Plant-based diet may reduce Alzheimer's risk

Basket of fresh leafy vegetables
Basket of fresh leafy vegetables
Shutterstock

A diet rich in green leafy vegetables, beans, berries, whole grains and wine can help to slow normal brain ageing and cognitive decline, researchers said.

Diet slows cognitive decline

Cognitive decline is a normal part of ageing but a study by scientists at Rush University Medical Centre in Chicago showed that elderly adults who strictly followed the MIND diet were 7.5 years younger cognitively over a period of nearly five years than those who adhered the least.

"The study findings suggest that the MIND diet substantially slows cognitive decline with age," Martha Clare Morris, a nutritional epidemiologist at Rush University Medical Centre, and her team said in a report in the journal Alzheimer's & Dementia.

Read: What is Alzheimer’s disease

In an earlier study, the researchers showed that the diet developed at the Rush University Medical Centre may reduce the risk of developing Alzheimer's disease.

MIND, or Mediterranean-DASH Diet Intervention for Neurodegenerative Delay, is a hybrid of the Mediterranean diet rich in olive oil and vegetables and the DASH eating plan designed to control high blood pressure.

It consists of 15 dietary components and recommends at least three servings of whole grains, a salad and another vegetable each day and a glass of wine. Beans and poultry should be eaten at least twice a week and fish once a week.

Further modifications

Followers of the diet limit the amount of the five unhealthy food groups – red meat, butter, stick margarine, cheese, pastries and sweets and fried or fast food – they eat.

Read: Processed red meat causes heart failure

The only fruits in the MIND diet are berries.

The researchers tested the cognitive ability of 960 adults with an average age of 81.4 years at 40 retirement community and senior public housing units in the Chicago area over a period of 4.7 years. They uncovered a slower decline in mental ability among the elderly who adhered most closely to the diet.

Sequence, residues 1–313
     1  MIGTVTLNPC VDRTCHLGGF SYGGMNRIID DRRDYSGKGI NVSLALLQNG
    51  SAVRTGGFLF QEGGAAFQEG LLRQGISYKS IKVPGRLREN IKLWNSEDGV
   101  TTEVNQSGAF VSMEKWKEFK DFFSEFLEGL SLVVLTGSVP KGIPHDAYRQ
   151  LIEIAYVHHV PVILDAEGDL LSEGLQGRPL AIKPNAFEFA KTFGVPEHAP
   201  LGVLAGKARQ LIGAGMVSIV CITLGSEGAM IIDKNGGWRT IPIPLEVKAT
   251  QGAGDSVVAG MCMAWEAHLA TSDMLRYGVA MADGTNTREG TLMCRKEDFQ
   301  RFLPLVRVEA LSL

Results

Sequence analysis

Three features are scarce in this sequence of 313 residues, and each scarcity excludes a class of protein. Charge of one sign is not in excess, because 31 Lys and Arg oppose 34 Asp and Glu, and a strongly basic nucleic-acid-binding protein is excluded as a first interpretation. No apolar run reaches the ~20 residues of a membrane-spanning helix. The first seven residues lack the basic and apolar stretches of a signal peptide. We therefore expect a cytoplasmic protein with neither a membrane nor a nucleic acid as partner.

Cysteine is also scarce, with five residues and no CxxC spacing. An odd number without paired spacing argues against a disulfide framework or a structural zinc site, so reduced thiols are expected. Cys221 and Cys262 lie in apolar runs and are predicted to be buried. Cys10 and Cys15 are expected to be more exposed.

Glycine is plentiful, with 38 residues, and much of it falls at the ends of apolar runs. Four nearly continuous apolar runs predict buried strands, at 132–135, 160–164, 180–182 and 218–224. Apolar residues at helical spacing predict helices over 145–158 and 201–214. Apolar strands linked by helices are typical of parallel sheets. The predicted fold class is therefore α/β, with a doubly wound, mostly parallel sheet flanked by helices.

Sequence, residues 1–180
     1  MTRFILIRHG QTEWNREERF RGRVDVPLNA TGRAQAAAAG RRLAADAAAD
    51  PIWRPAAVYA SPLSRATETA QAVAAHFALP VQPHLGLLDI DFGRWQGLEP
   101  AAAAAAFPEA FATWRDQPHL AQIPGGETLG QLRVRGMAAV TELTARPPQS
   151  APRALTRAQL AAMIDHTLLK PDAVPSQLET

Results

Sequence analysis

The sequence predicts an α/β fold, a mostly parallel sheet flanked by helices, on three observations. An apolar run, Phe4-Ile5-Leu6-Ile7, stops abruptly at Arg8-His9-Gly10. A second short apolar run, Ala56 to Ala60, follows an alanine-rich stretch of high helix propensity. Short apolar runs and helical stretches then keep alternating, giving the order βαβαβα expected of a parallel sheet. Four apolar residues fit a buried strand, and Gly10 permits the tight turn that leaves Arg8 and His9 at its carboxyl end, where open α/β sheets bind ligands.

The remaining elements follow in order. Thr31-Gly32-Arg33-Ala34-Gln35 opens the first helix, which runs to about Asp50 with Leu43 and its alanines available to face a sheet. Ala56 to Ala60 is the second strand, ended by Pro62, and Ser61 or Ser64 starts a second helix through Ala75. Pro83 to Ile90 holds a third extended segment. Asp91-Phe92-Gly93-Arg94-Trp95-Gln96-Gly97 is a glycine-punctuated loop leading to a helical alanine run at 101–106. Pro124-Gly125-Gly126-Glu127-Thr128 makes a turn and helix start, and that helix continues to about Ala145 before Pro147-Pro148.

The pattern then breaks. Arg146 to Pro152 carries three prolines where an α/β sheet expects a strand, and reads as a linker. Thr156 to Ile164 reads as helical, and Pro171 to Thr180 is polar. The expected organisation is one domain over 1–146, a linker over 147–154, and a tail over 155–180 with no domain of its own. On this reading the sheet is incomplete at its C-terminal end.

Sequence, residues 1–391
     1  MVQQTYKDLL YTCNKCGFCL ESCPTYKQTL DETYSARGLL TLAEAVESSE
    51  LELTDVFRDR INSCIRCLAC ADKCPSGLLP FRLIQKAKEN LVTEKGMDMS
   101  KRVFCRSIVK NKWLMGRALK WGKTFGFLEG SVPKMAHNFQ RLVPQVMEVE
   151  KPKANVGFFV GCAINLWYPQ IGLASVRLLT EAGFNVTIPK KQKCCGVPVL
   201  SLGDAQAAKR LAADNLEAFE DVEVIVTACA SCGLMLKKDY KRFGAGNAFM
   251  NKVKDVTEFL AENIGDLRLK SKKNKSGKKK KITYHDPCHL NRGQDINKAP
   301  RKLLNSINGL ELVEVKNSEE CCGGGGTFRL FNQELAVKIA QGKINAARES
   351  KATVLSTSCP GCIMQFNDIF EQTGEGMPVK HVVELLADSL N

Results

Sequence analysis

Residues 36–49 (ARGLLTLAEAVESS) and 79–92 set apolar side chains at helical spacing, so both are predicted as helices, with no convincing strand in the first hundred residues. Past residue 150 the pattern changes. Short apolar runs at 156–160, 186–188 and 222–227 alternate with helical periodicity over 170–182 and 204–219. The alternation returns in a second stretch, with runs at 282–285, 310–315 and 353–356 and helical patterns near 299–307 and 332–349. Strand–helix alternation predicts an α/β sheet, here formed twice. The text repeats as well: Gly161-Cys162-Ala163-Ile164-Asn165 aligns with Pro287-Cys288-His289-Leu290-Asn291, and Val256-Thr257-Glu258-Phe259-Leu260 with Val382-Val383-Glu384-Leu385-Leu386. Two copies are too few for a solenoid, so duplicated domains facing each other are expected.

"Everyone experiences decline with ageing; and Alzheimer's disease is now the sixth leading cause of death in the U.S. which accounts for 60 to 80 percent of dementia's cases," Morris said in a statement.

"There is still a great deal of study we need to do in this area, and I expect that we'll make further modifications as the science on diet and the brain advances.

Read more:

Vegetarian diet a good alternative

Diet, cognitive ability may play role in diabetes  

How diet and physical activity affect brain function 

Image: Basket of vegetables from Shutterstock

We live in a world where facts and fiction get blurred
In times of uncertainty you need journalism you can trust. For only R75 per month, you have access to a world of in-depth analyses, investigative journalism, top opinions and a range of features. Journalism strengthens democracy. Invest in the future today.
Subscribe to News24
Voting Booth
Have you entered our Health of the Nation survey?
Please select an option Oops! Something went wrong, please try again later.
Results
Yes
34% - 9250 votes
No
66% - 17780 votes
Vote